Wednesday, June 16

German Greens choose a moderate path to rekindle electoral hopes | Germany

Germany’s Greens leaders will resist the push from party activists this weekend to adopt more ambitious climate policies, balancing their environmental message carefully to ensure poorer voters do not run out of money after the September elections. .

The Greens, aiming to win the chancery for the first time in the federal elections on September 26, surpassed the Christian Democrats (CDU) of outgoing Chancellor Angela Merkel in polls in late April after electing Annalena Baerbock as your candidate for chancellor.

Baerbock, a 40-year-old London School of Economics alumnus and mother of two, intrigued voters with her proposal for a “fresh start”, only for the Greens to be shocked by her admission that she did not declare a bonus pay last year. , the suggestion by party co-leader Robert Habeck that Germany should hand over arms to Ukraine, and the party’s plans to raise gasoline prices.

A poll published on the eve of the conference highlighted the problem. While the CDU gained 5 percentage points to 28%, the Greens fell 6 points to 20%.

Less than a week after having to modify some details of her online resume, support for Baerbock decreased 12 percentage points from the previous month, and only 16% of those surveyed said they would vote for her if they could elect a chancellor. directly.

“We all make mistakes. We have paid dearly for ours in the polls, but now it’s about doing better and it’s not just about me, but how together we can change this country,” Baerbock told ARD television when asked about the latest survey.

The fuel price debate has left Baerbock and Habeck eager to show “social balance” on the electoral platform to be agreed this weekend and to project restraint and maturity in their attempt to reignite their shaky campaign.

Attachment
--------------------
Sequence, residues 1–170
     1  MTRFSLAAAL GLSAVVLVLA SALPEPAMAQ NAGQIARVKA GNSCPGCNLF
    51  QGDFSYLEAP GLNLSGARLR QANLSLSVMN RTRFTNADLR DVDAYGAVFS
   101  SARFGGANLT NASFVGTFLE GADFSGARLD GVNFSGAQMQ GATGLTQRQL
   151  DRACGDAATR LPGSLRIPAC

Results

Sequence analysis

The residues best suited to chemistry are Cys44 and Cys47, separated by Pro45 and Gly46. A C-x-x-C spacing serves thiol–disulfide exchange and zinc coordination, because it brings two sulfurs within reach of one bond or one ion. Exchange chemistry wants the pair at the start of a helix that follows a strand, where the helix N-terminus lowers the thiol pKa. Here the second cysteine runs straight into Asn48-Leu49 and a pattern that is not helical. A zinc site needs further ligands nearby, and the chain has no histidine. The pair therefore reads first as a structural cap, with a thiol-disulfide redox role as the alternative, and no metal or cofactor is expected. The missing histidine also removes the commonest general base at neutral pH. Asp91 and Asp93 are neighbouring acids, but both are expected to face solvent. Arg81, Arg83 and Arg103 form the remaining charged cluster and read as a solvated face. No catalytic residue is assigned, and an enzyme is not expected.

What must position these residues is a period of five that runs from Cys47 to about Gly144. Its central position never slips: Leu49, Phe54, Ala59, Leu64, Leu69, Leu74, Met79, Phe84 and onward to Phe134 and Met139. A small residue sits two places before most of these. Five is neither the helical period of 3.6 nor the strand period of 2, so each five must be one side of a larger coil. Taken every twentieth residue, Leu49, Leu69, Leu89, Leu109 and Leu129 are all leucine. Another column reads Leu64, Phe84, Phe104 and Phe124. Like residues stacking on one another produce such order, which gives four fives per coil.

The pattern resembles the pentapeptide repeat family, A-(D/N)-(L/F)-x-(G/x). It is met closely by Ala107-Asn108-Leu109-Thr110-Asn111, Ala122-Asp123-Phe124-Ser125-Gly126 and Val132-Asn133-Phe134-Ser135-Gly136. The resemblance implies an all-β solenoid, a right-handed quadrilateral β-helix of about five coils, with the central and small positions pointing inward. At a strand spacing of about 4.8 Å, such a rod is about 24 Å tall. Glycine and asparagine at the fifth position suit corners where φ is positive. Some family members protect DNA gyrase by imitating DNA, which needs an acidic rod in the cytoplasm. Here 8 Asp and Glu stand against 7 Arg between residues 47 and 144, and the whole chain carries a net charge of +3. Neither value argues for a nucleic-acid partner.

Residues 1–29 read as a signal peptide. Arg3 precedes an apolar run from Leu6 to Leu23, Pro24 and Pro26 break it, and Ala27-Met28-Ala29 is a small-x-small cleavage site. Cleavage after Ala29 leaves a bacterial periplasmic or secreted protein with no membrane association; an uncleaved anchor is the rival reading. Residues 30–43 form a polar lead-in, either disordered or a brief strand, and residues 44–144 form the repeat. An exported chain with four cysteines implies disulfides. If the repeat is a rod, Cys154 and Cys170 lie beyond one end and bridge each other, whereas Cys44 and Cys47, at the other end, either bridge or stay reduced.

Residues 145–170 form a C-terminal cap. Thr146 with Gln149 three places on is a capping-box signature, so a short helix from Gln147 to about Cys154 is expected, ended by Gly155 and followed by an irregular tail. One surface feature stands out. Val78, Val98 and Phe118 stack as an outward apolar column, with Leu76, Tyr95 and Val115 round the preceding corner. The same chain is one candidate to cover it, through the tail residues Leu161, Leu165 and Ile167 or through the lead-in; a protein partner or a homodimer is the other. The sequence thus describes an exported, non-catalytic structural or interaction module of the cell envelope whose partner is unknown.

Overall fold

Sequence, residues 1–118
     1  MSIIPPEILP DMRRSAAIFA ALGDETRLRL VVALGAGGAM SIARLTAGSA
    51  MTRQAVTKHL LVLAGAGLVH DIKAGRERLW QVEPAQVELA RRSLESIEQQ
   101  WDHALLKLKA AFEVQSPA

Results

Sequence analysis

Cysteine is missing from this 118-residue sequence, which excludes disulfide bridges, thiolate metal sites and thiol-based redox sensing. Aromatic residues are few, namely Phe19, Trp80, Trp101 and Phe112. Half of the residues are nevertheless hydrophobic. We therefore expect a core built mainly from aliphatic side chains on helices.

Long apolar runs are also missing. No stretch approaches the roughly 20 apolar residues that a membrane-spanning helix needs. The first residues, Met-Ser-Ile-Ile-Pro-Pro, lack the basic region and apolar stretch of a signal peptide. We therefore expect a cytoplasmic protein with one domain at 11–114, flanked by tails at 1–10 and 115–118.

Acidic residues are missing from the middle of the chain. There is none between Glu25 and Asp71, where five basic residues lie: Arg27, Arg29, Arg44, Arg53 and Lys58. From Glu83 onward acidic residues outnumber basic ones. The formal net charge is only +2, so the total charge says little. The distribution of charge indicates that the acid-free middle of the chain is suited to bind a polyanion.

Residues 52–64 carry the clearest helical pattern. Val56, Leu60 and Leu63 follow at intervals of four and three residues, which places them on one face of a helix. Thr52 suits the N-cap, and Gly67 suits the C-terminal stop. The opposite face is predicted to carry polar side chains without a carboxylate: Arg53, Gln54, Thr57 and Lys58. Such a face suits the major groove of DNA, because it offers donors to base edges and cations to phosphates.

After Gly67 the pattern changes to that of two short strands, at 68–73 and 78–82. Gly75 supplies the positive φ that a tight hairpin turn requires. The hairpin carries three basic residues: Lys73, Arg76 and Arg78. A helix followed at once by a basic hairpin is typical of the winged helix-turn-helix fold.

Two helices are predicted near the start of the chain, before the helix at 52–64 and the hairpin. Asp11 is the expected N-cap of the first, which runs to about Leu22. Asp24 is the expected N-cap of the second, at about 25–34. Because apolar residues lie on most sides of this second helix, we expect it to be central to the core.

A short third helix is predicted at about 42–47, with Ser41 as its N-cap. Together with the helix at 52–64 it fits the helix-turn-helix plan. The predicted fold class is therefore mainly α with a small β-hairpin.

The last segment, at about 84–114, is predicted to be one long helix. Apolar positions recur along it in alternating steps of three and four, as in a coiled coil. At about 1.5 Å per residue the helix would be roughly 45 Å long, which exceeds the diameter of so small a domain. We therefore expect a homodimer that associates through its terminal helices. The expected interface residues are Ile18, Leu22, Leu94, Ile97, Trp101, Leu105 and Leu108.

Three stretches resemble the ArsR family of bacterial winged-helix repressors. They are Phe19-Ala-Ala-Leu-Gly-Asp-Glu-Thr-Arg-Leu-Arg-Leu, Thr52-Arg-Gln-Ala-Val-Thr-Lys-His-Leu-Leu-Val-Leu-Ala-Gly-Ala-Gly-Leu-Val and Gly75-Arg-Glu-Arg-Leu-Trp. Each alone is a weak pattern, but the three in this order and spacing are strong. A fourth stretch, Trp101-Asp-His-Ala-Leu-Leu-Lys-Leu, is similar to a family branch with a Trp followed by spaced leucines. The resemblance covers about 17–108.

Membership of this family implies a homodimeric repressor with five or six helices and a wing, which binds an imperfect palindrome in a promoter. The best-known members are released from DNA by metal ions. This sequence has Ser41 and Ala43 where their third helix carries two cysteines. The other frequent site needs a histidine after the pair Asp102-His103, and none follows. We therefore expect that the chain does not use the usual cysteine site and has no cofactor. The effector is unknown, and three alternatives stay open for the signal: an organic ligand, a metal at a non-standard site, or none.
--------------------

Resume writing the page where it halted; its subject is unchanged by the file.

“Climate protection does not exist for free, that should come as no surprise now. The key is that it is socially cushioned, ”said Danyal Bayaz, finance minister for the Greens in the southwestern state of Baden-Wuerttemberg.

The upshot is that leadership will resist a motion to increase the CO2 rate for oil and gas, for example, to € 80 (£ 68) a tonne in 2022, instead of the € 60 in 2023 proposed by the high-ranking party officials. Leaders will also emphasize that revenues from the higher price of CO2 would be channeled to the poorest people.

Germany’s ruling coalition introduced a carbon levy on transportation and heating fuels, starting at € 25 per tonne of CO2, this year. Current plans would see it rise to € 55-65 per tonne by 2026, but most parties have said a more ambitious path is needed to reach new climate targets.

The three-day party congress begins on Friday and leaders are confident that they will prevail in the debate on CO2 prices.

The Greens, whose membership has risen from about 60,000 four years ago to 115,000 now, suffered a severe blow from the Conservatives in Sunday’s regional elections, but remain within a few points of their main rivals.

“The Greens will still go through a lot of storms,” ​​publicist Albrecht von Lucke told Reuters. “Many citizens want the Greens in the next government, but not necessarily in the chancellery.”

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